Recorded live at the 2017 Mount Aloysius Charity Comic Con, Danny is joined by Wayne Wise for a discussion about the history, ethics, and thrills of children in horror. Focusing on the recent remake of Stephen King’s It and Stranger Things, the conversation covers the many ways that children have inspired and consumed horror films. How do children defy rationality? What does Capitalism have to do with this? Why the current rabid nostalgia for the 1980s? All this and much more.
Introducing Wayne Wise
History of children in horror
Children possessing special knowledge that adults don’t have
Mythology, fairy tales, and horror
Scooby-Doo and Nancy Drew, too
The horrors of the 1970’s
The 1980’s as an adventure-filled wonderland
It and the search for community
The problem of depicting violence against children
Stranger Things unexpected success
Conspiracy Theory’s hold over our imaginations
The sanitization of contemporary children’s entertainment
Wayne’s book, King of Summer
The enduring allure of King Arthur
Danny’s theory of the “pre-modern”
The moral function of violence
Questions from the audience:
Adam Walsh and America’s Most Wanted?
Stand By Me?
Taboo and subliminal fear of women?
Info about Wayne Wise and his work
Danny’s essay about Christians watching It
It’s that magical time of the year! Time for the annual Christian Humanist Radio Network Halloween Crossover. The Sectarian Review Podcast’s contribution features Katie Grubbs and Michial Farmer who join Danny to talk about the Universal classic The Wolf Man. Take a deep dive into the film’s story, background, and subtexts. Freud, Feminism, Class Struggle and more. Also, the team tackle questions about the film from listeners via Twitter. Plus, Danny makes an impassioned defense of the 2010 remake of the film.
James Isenhower of the Everything is OKpodcast joins Danny for a discussion about Christian culture’s reliance upon celebrity. What’s valuable and what’s pernicious about this practice? A quasi-sequel to our previous “Celebrity Liberalism” episode, we leave no stone (a few at the most) unturned in our exploration of Celebrity Culture’s invasion of the Christian imagination.
All about the Everything is OK podcast
Podcasting as “fluffing your own ego”
Potential problems with celebritism in xtianity
The poisonous effects of the American Dream and the elevation of the self
What kind of celebrities are we talking about?
Sports and Christianity (God wants Auburn to win)
Christian Persecution Complex
Zach Hoag on Celebrity Christianity
Celebritism in Lefty Christianity as well
Pastor as celebrity
HGTV’s Joanna Gaines and Celebrity as sign of God’s blessing
“Celebrity as an excuse to sanctify things that shouldn’t be sanctified”
Celebrity as ambassador to systemic injustice
“You want a country founded on Christianity”
Q: Are we not celebrities? A: We are podcasters!
Tony Hale as a better version of Christian celebrity
Celebrities in their cars making cell phone videos
Danny staying in the institutional church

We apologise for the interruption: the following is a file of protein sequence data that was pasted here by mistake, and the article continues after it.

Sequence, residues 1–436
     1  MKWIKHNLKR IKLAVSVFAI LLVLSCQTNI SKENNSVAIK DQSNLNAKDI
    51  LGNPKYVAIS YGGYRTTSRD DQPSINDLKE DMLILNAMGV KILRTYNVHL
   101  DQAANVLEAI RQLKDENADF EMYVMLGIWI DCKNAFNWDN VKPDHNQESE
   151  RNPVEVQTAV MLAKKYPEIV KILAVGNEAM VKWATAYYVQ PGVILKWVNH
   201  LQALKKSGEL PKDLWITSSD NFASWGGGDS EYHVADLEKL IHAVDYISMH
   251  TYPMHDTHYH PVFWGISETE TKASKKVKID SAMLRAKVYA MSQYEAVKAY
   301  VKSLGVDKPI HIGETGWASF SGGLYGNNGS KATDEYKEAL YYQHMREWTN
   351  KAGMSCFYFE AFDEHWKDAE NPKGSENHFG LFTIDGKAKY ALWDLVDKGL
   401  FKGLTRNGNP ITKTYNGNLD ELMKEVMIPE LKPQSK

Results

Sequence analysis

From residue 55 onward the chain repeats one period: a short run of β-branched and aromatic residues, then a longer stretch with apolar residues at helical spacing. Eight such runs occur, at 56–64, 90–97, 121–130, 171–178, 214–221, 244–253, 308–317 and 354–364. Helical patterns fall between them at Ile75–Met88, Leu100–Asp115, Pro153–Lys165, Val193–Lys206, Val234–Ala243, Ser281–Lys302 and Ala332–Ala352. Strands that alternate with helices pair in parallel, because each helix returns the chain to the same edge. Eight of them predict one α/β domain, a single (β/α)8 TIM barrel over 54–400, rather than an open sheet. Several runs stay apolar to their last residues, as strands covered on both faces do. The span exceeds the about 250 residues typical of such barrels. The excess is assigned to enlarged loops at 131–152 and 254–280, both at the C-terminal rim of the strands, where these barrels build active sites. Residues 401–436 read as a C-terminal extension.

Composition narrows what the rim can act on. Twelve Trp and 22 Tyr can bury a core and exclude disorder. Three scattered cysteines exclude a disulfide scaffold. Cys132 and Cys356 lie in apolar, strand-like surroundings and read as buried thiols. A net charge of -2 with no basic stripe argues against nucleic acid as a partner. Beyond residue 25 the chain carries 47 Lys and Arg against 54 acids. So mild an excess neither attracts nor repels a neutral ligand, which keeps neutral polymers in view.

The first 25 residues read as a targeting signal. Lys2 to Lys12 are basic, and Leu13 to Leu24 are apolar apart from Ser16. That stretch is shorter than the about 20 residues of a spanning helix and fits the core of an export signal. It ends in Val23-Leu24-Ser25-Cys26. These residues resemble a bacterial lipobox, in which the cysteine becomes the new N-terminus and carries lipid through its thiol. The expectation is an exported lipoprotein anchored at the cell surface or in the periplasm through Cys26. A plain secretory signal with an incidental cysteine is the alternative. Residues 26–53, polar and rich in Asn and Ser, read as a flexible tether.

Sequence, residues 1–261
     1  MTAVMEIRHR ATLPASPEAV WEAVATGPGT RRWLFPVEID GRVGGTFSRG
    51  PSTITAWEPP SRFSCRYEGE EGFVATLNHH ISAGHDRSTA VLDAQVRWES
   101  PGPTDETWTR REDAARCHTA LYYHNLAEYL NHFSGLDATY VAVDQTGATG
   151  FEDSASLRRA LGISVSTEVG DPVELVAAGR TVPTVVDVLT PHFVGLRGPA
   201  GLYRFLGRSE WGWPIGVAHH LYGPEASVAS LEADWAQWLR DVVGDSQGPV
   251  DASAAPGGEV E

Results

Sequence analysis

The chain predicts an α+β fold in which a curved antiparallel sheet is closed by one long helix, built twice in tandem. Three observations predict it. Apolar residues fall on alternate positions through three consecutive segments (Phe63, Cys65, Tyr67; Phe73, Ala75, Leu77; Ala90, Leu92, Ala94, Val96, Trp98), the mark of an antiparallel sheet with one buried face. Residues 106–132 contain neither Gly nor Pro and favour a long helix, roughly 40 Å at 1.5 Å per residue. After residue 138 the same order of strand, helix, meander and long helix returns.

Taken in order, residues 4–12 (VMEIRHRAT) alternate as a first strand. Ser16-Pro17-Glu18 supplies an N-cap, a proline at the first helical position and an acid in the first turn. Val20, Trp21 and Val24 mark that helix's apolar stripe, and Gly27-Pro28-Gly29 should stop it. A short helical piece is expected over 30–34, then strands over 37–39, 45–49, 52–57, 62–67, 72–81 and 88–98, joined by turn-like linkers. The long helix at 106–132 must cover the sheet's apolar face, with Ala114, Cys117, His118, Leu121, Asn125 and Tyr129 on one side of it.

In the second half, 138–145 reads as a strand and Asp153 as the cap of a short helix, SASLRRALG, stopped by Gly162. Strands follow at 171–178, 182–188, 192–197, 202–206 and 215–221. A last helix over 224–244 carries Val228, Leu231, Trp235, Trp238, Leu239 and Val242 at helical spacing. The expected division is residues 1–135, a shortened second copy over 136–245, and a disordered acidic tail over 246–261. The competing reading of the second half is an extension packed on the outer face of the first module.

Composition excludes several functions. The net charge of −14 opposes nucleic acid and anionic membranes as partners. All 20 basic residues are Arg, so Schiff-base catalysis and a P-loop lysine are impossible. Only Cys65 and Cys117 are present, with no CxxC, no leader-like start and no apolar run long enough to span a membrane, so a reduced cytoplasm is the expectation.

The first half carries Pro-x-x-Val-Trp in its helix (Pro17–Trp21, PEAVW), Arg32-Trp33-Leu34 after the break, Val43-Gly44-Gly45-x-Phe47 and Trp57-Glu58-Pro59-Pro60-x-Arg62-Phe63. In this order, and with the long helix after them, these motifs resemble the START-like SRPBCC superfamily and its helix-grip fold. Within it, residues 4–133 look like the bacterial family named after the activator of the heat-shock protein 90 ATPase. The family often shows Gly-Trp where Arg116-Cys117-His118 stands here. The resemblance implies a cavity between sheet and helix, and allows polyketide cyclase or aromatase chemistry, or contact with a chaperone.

Sharing Pharoah Dave Ramses stories (H/T Nathan Gilmour)
James destroys argument x on social media
When Celebrity Christianity Backfires
Calling Out Celebrity Christianity & Counterfeit Justice
Tony Hale talks about being a Christian in Hollywood
The Gathering Testimony: Joanna Gaines
Celebrity isn’t just harmless fun – it’s the smiling face of the corporate machine | George Monbiot
everything is ok
Before you make up your mind about “Free College,” have a listen to this episode. Danny Anderson is joined by Matthew Filipic, former VP of Business and Fiscal Affairs at Wright State University, for a detailed exploration of the context and history of an idea that Bernie Sanders’ campaign has recently thrust into the political spotlight.
Richard Shatten and Ohio’s problems with educational attainment
The historical importance of college in America: “The Rising Tide”
Income gains lessen in the 1970s
State withdraw of support for public higher education
University of California system and City College of New York as prior examples of state support
Higher education, “The Baumol Disease,” and the necessity of inefficiency
The burden of Medicaid upon individual states
Resistance to tax increases by the public
Danny’s modest proposal: Single Payer Healthcare as solution to free college
Current Free College proposals
New York Proposal
The problems for private colleges
Oregon, Tennessee, and Rhode Island versions of “free college”
Targeting money to populations that need it
The Sanders plan versus the Clinton plan
Avoiding “perverse incentives” in national funding of “free college”
Free college and student motivation
What we’ve lost as a society in neglecting higher education
Richard Shatten Bio
The Baumol Disease
New York's tuition-free college program sparks debates and defenses
New York Republicans have an alternative to Governor Cuomo's free tuition plan
Most of Oregon's free-tuition dollars aren't going to poor students
The drawbacks to New York State's free college plan (essay) | Inside Higher Ed
HOPE changes may mean fewer women, minorities at UGA
HOPE Scholarship: The cons - Atlanta Magazine
Free-Tuition Program Transforms a University
For the annual Sectarian Review “Banned Books Week” show, Danny is joined by Jay Eldred and Megan Von Bergen to discuss the Christian Impulse to boycott or ban. What drives people of faith to avoid businesses and works of art in adherence to the faith? Are there occasions when this impulse is appropriate? As always the Sectarian Review gang try to take a nuanced approach to such questions.
Teaching controversial material at Faith-Based institutions
Banning art versus boycotting companies
Trigger warnings and teaching Alan Moore
Moral Superiority and the motivation for avoiding art
Translating Calvin and Ovid at the same time
Pitching our Scandal of the Evangelical Mind episode
Evangelical separatism and Bob Jones
Scorsese's Last Temptation of Christ
The Lion King
The Lego Movie
The gay Beauty and the Beast
Procter and Gamble (thanks Brett Chase!)
The trade-off between Christianity and capitalism